Yesterday evening was one of those times when I felt I didn’t have anything in the tank for writing. Part of the value of having a writing streak, or being in the midst of trying to break a previous streak is that the idea of breaking the streak acts as an opposing force weariness I sometimes feel when it comes time to write. Granted, I’m only 17 days or so into this current streak, working my way back to 140 days, but 17 days is more than two weeks, and skipping a day would make it that much harder to get back to 140 days.
I’d had a tough day at work yesterday. My anxiety levels were unusually high for me. I got home from work and I was, well, thrumming. I’m not sure exactly what that word means, but it sounds like how I felt, as if every cell in my body was vibrating at a frequency that I could feel even in my teeth. Kelly agreed to walk over and pick up the kids from school, which is usually my job. I sat quietly for a while and tried to relax. I was tired and I had a pretty good idea that if I waiting until my usual writing time during the week–before putting the kids to bed–I’d get no writing done.
So I turned to my work-in-progress feeling more of a duty to write than a desire to write. I looked at where I left off, remembering how eager I was to continue. But that feeling was just not there. I sat there with my fingers poised over the keyboard, deciding whether I should give it a go or not. I thought about my streak and my desire to write every day. I didn’t particularly feel like writing, was, in fact, exhausted. But I knew that if I didn’t write anything, I’d feel even worse later. And besides, I didn’t need to write much. Even 100 words would satisfy me on a day like I was having.
So I started writing. I wrote one sentence, and then another. That one was followed by another. And so on and so on. I kept checking my word count, something I do when I am really just trying to hit my mark. I passed 100 words, then 200. Then I stopped checking for a while, and then next time I checked I was at 999 words. By then I was feeling a little better. I added a few more sentences and called it a day. I’d managed about 1,100 words by sheer brute force.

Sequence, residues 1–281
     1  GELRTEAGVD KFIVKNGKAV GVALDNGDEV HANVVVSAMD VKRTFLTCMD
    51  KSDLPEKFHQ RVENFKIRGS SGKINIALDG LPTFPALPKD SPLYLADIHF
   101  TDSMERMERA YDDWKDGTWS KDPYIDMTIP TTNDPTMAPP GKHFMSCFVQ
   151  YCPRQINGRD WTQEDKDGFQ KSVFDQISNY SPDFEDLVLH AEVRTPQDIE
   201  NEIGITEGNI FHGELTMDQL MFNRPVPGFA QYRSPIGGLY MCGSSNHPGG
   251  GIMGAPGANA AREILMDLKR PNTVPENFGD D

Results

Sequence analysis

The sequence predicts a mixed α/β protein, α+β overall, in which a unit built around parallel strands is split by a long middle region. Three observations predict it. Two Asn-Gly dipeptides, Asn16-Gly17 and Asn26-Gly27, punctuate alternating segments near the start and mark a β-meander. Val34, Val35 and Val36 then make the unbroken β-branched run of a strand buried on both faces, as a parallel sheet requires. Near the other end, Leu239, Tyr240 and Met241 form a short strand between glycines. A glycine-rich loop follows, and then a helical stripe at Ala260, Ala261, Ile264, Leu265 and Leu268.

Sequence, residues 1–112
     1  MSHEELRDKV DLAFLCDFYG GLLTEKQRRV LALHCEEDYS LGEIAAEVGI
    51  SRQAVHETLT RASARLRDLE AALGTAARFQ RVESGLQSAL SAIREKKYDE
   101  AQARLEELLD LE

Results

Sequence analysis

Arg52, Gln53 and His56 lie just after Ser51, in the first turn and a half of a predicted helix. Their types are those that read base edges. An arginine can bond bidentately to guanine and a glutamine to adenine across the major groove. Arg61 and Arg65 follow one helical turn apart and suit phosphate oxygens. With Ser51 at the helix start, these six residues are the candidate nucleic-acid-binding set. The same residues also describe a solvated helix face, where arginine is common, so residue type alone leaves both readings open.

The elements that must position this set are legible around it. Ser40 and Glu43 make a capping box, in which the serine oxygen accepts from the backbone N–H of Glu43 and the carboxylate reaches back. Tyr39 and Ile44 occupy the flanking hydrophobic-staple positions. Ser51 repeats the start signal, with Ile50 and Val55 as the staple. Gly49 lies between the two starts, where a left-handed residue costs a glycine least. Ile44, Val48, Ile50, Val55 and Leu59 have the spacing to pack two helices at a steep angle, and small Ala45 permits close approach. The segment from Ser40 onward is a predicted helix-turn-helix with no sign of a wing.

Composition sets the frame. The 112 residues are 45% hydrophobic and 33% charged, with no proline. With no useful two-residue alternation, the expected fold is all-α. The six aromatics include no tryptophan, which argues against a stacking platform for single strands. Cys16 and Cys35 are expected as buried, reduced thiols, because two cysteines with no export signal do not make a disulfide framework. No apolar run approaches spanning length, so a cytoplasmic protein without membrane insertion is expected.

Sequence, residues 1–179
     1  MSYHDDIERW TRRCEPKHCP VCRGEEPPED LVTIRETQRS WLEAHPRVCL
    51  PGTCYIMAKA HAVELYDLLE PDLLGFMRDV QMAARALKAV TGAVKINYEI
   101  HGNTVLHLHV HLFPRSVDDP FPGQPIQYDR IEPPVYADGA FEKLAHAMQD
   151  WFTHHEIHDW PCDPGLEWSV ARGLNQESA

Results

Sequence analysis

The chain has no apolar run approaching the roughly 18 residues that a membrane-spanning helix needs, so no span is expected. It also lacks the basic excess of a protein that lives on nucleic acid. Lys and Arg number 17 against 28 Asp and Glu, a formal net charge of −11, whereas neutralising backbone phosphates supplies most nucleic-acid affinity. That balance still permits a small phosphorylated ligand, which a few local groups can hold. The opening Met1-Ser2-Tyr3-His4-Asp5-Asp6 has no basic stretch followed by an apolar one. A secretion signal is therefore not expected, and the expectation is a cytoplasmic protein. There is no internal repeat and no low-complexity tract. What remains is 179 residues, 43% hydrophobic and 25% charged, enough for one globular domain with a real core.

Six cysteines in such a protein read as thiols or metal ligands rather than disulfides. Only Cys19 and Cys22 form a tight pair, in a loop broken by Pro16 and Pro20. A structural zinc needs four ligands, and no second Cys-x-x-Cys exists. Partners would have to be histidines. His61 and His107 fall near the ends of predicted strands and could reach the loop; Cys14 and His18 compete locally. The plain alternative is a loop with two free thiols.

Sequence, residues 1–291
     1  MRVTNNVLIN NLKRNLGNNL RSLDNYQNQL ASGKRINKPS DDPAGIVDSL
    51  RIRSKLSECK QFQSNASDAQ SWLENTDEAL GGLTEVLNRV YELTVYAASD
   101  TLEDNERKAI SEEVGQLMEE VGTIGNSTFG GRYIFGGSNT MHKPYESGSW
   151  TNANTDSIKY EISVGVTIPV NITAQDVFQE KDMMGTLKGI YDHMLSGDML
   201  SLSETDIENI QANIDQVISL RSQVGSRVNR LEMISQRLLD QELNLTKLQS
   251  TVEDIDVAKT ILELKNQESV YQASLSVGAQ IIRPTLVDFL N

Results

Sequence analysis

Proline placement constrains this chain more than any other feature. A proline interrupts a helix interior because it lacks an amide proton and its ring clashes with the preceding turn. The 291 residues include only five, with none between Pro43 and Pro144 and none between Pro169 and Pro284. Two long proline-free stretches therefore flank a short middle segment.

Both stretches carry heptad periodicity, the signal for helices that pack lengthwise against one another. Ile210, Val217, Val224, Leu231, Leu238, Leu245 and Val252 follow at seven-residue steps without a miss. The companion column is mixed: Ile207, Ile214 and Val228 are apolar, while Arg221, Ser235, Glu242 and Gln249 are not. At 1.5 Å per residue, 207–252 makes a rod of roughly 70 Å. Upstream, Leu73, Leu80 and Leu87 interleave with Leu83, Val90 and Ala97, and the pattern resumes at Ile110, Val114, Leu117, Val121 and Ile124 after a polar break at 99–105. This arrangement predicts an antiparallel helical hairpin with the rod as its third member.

I mention this because I think it helps to illustrate the power of writing every day. I didn’t worry if whether or not what I wrote was any good. Heck, it’s the first draft! I knew some of what I was writing would never make it into the next draft. But I was writing. I was moving the story forward, moving the ball down the field. I had absolutely no desire to write, and yet I managed to write 1,100 words.
Something else, too: when I finished writing, I felt a lot better. Not just about the fact that I’d gotten my writing done for the day, although that was a relief. Despite the rough day, the act of writing was like some kind of remedy, like taking aspirin for a headache. The stresses of the day melted away while I was writing and when the writing was done, they did not return. I’m certain that this is because I love to write, and while you don’t always feel like doing what you love, when you do it, you love it and it heals what ails you.
Everyone has their off days. But showing up makes all of the difference. I sometimes wonder if pro baseball players, in the hours leading up to a game, ever just think, “Man, I feel like crap today. My head just isn’t in it.” But they still step up to the plate when its their turn. Maybe they strike out, maybe they hit a homerun. It really doesn’t matter. What matters is that they showed up. I don’t think there is any one secret to being a successful writer. But if there was, I imagine that showing up–writing every day regardless of how you feel–plays a big part.